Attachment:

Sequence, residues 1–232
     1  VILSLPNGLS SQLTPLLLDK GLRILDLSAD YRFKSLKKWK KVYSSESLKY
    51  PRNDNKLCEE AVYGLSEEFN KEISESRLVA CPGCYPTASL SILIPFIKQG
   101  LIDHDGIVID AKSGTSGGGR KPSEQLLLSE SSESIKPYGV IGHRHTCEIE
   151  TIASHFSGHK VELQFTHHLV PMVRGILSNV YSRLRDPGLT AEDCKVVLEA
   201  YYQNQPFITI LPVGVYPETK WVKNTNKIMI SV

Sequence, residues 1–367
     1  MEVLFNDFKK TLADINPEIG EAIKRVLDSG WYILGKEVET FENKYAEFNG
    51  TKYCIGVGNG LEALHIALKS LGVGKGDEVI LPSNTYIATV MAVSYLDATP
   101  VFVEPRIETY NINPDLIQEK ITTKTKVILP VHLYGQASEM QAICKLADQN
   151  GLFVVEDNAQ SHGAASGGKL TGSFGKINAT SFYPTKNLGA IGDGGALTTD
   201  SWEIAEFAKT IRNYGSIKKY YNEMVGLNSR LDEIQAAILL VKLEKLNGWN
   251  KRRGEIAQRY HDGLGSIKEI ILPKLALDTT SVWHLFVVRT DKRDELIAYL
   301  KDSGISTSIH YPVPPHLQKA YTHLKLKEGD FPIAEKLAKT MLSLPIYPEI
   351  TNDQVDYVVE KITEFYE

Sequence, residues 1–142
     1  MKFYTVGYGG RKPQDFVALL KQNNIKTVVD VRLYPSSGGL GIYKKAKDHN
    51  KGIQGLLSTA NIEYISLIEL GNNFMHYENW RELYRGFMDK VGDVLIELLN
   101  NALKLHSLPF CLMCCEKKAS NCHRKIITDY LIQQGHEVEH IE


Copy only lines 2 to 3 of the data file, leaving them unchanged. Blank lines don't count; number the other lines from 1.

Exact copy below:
     1  VILSLPNGLS SQLTPLLLDK GLRILDLSAD YRFKSLKKWK KVYSSESLKY
    51  PRNDNKLCEE AVYGLSEEFN KEISESRLVA CPGCYPTASL SILIPFIKQG